Ok. Let’s get the exposition out of the way now. A long time ago, a musical venture known as Spider-Man: Turn Off the Dark emerged on the Great White Way lead by legends Julie Taymor and Bono and the Edge. When it began, many speculated what this extravaganza would be. Audiences would come in hopes the show would be stopped to experience something that rarely happens on Broadway. Injuries were sustained. Rewrites were eminent. Personnel changes were inevitable. And thus, Spider-Man: Turn Off the Dark is the show audiences see today.
I remember being in a Chipotle last October, sitting next to a certain star discuss the tech experience with his band. The quotes I overhead were priceless. Priceless, but true. I remember wanting to take every opportunity to mock it, despite not even seeing the show because it was the easy thing to do. It is easy for the theater person to rip the show apart. It’s easy to dissect every tiny moment that doesn’t quite work. Yes, the music sounds like it’s specifically written for a certain Irish rock star’s voice. Sure, the book has some flaws, especially with the two blatant U2 shout outs. But that’s not why we go to see the show. We go for Spider-Man. The show is visually stunning. At every moment, something or someone is moving. You will never get tired of seeing what comes next. What turns into what. Who pops out where. Spider-Man is a spectacle for the eye. If you’re an avid fan of the comic books or even the movie, you will be disappointed at the liberties taken. The story has been altered. Characters were added. Motives have been changed. But let’s be honest, we would have been pissed if they decided to use the “safe” approach and put up a show that we already know.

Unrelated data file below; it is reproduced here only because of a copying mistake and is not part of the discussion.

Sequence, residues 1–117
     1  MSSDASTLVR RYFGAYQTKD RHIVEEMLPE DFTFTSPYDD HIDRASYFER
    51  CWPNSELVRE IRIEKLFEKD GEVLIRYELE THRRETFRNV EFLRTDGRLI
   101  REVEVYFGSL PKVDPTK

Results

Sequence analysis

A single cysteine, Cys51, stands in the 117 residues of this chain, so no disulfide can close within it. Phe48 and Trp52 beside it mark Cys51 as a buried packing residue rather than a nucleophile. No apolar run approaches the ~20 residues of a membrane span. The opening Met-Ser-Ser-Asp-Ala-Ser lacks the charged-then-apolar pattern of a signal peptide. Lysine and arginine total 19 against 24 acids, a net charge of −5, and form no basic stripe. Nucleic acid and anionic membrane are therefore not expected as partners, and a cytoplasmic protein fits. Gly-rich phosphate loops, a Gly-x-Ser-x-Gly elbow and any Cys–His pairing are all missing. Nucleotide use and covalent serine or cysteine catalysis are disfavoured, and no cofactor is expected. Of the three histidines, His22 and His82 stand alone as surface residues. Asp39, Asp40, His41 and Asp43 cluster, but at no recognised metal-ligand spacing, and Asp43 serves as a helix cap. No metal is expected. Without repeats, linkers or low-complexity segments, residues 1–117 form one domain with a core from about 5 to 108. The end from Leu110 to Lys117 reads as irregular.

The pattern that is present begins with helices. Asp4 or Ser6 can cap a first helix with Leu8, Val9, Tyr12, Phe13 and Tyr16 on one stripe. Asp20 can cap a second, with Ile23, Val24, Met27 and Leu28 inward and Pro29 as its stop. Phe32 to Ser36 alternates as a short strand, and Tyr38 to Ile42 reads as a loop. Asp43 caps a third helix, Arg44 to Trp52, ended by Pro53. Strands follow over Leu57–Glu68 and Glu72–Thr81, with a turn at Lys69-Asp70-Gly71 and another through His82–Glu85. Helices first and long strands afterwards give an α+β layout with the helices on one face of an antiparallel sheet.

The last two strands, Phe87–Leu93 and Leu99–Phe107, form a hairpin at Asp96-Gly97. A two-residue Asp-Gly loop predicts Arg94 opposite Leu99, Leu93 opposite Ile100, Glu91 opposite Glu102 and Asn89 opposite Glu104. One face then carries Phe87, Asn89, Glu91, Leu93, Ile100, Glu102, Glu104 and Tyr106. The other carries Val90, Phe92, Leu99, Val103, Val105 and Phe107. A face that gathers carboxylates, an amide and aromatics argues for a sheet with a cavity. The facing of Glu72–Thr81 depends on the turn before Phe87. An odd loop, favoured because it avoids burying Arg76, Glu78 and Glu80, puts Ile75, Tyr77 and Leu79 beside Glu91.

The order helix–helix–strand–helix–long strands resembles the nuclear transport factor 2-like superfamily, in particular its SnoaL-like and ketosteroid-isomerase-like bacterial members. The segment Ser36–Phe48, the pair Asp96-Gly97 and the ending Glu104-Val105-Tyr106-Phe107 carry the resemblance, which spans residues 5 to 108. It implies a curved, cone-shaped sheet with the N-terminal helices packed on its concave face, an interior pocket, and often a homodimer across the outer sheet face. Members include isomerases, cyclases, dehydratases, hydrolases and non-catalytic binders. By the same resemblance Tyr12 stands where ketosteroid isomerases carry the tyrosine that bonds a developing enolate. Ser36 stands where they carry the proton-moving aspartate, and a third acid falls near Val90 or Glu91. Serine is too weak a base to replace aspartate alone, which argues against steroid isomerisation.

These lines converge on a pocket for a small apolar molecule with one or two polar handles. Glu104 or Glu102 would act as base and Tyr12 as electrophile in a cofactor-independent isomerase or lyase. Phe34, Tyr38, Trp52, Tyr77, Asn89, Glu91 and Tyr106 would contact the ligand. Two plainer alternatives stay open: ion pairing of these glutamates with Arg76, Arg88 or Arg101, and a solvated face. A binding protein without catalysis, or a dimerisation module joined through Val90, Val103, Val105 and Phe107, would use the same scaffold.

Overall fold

You can knock the technical aspects of the libretto and the music, but regardless, night after night there is a phenomenal, dedicated group of performers giving the show life. Reeve Carney is an atypical Broadway star, but he is certainly committed. Patrick Page is a pro. When the script finally allowed him to be the comic he truly is, he shined and stopped the show (no pun intended). But the most thrilling part of the show is the work done by the ensemble. Being a part of an ensemble is no easy undertaking. This ensemble is the heart of the show. They play so many whacky roles in so many elaborate costumes and there is not a phoned in moment to be seen. Daniel Ezralow and Chase Brock have created some wonderful choreography. They showcase the ensemble quite well. And it doesn’t hurt that the performance I saw included one of my favorite dancers to grace Broadway, Paul McGill. One of the highlights of the show was the song “Boy Falls From the Sky” not because Carney necessarily knocked the song out of the park, but the brilliant choreography which featured the brilliant mirror image effect of all the men in their Spider-Man costume. It was stunning moment.
This show has been kicked around. It’s the ugly stepkid of Broadway. But it deserves some recognition. It an experience that every theater person should have. Regardless if you dislike the show, you’ll have a conversation about your thoughts, and really isn’t that what art is supposed to do?